• We read the BMJ article3 on “Risk of complicated birth at term,” which is discussed here by Jo Dagustun.
  • We read a new book from the Pinter and Martin publishing house (www.pinterandmartin.com), Amity Reed’s Overdue: Birth, Burnout and a Blueprint for the NHS. This part memoir/part manifesto for change, and others like it in this growing genre (accounts of the maternity services told from the perspective of healthcare practitioners), provides an important and highly accessible reminder of why we campaign for maternity service improvement. The AIMS Campaigns Team highly recommends this genre to the maternity improvement community, especially those not working with birth and the maternity services on a daily basis. This book is a great up-to-date example of the genre.
  • Our Volunteer Gemma McKenzie presented her AIMS-supported research as part of the 2020 Festival of Social Sciences. This included an early showing of a film that Gemma has created to communicate some of her early research material. Whilst Gemma’s research focus is decision-making around unassisted birth, we would recommend her short (9-minute) film to everyone interested in improving maternity services, as it offers an excellent – if heart-wrenching – commentary on the impact of our contemporary encounters with the maternity services, both positive and negative. We look forward to seeing more of Gemma’s authentic and co-created exploration of women’s narratives of freebirthing in the UK. Find Gemma’s film here: https://youtu.be/P38mvu9tlME.

Meetings attendance:

  • We participated in the annual meeting of ENCA (European Network of Childbirth Associations), of which AIMS was a founding member: www.facebook.com/encaeurope/.
  • We participated in the September and November meetings of the Maternity Transformation Stakeholder Council: www.england.nhs.uk/mat-transformation/council. Jo Dagustun has now taken over as the AIMS representative at these meetings, following in the very capable footsteps of Debbie Chippington Derrick.
  • We attended (as an observer) the first ever National Maternity Voices’ AGM: nationalmaternityvoices.org.uk.
  • We attended an Oxford Brookes University webinar on “Challenges and Opportunities in Implementing and Embedding Change in Maternity Services.”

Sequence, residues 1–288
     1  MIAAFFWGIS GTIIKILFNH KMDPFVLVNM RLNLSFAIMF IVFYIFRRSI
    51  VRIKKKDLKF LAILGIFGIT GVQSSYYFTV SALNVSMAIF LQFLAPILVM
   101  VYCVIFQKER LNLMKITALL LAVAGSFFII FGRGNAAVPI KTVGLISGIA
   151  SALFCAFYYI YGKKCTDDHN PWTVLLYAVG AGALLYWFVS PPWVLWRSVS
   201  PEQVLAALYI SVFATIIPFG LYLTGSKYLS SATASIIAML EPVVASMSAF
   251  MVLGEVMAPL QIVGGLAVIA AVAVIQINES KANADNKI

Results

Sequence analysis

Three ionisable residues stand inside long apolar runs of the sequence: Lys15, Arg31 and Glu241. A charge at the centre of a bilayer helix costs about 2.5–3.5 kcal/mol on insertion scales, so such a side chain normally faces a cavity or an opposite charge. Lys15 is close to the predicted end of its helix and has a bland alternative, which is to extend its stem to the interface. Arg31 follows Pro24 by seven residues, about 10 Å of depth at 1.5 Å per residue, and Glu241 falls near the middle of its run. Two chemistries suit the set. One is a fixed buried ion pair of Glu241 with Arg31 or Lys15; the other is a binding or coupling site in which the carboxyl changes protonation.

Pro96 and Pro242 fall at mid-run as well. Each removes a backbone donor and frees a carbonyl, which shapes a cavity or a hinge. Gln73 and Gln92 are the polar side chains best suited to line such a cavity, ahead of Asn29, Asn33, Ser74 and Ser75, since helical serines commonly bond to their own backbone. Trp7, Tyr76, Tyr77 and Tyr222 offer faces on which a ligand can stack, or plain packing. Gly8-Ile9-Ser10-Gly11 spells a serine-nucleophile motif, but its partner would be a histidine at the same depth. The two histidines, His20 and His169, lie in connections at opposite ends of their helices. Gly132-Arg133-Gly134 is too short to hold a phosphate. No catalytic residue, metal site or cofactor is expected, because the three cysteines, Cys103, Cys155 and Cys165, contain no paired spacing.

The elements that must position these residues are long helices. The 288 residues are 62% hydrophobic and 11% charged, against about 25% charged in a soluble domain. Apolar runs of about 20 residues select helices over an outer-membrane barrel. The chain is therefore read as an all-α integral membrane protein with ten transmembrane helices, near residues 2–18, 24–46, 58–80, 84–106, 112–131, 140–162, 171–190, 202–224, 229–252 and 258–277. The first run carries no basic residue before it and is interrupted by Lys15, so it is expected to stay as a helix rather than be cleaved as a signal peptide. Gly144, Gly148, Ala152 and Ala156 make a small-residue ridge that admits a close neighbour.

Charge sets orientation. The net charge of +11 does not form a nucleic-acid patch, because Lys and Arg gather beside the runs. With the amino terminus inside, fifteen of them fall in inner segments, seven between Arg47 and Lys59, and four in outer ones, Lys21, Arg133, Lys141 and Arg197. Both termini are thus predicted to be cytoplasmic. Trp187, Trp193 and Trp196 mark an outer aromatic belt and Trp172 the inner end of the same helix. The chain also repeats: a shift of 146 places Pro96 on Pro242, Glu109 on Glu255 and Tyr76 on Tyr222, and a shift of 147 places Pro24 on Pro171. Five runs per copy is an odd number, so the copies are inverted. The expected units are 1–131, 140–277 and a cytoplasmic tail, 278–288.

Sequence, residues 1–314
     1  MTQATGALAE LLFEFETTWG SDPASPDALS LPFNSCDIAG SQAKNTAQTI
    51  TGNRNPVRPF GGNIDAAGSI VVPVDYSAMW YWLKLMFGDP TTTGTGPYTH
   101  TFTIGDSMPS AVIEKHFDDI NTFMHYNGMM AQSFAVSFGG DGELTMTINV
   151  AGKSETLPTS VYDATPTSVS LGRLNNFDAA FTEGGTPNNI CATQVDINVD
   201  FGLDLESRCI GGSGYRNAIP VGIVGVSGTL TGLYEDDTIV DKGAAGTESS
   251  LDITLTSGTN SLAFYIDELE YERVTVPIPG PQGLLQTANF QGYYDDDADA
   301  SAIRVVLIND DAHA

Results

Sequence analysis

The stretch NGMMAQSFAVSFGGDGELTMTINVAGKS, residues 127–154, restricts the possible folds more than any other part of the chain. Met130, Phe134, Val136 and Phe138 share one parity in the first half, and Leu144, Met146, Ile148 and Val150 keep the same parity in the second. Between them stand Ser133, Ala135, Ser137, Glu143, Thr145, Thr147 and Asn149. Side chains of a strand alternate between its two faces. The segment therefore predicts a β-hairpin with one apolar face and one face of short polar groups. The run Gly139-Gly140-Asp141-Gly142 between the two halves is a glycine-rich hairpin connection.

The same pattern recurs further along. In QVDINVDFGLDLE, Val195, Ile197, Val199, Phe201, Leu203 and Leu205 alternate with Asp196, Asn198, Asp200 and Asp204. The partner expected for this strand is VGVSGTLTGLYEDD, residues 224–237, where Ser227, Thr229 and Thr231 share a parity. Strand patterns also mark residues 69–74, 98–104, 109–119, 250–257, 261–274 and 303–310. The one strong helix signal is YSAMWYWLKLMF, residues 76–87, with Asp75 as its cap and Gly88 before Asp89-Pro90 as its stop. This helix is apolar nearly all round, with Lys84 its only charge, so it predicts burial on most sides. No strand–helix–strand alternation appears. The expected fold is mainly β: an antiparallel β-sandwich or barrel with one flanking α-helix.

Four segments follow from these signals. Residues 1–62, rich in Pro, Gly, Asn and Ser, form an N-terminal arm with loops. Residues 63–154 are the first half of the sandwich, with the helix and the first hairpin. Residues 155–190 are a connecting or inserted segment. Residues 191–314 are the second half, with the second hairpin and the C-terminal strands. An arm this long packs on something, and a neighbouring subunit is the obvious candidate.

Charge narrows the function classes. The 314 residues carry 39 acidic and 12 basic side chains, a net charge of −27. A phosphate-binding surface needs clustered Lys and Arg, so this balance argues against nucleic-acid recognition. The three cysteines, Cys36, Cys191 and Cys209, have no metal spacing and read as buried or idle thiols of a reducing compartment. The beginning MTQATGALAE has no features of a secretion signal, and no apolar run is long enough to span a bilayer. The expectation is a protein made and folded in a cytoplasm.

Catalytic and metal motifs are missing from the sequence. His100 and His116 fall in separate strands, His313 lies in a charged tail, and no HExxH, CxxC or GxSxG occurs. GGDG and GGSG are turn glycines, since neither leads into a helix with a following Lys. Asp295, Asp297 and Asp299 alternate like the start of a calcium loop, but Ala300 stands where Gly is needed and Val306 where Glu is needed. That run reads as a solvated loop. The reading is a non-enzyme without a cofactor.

• We attended the International Maternity Experience 2020 conference.
  • We attended #MidwiferyHour Facebook live events, including one focussed on “Building Continuity of Care in COVID-19” and “Educating Future Midwives.”
  • We participated in the #ContinuityofCarer Zoom group.
  • We attended the Association of Radical Midwives annual conference, “How Birth Works.”
  • We attended the Virtual British Intrapartum Care Society annual conference.
  • We attended the Cardiff Midwifery Society conference “Beyond the Bump; how ethnic minority families are failed in maternity services.”

1 www.england.nhs.uk/coronavirus/wp-content/uploads/sites/52/2020/09/par001599-framework-for-the-reintroduction-of-visitors-throughout-maternity-services-sep-2020.pdf

2 www.england.nhs.uk/coronavirus/publication/framework-to-assist-nhs-trusts-to-reintroduce-access-for-partners-visitors-and-other-supporters-of-pregnant-women-in-english-maternity-services/?fbclid=IwAR2eLfC6uZ47tnPwuk4o3_LXXCsr10rNKpZ2_EJvr6RUavvU_iTOmPusLa0

3 www.bmj.com/content/371/bmj.m3377/https://www.bmj.com/content/371/bmj.m3377


The AIMS Journal spearheads discussions about change and development in the maternity services..

AIMS Journal articles on the website go back to 1960, offering an important historical record of maternity issues over the past 60 years. Please check the date of the article because the situation that it discusses may have changed since it was published. We are also very aware that the language used in many articles may not be the language that AIMS would use today.

To contact the editors, please email: journal@aims.org.uk

We make the AIMS Journal freely available so that as many people as possible can benefit from the articles. If you found this article interesting please consider supporting us by becoming an AIMS member or making a donation. We are a small charity that accepts no commercial sponsorship, in order to preserve our reputation for providing impartial, evidence-based information. You can make donations at Peoples Fundraising. To become an AIMS member or join our mailing list see Join AIMS

AIMS supports all maternity service users to navigate the system as it exists, and campaigns for a system which truly meets the needs of all.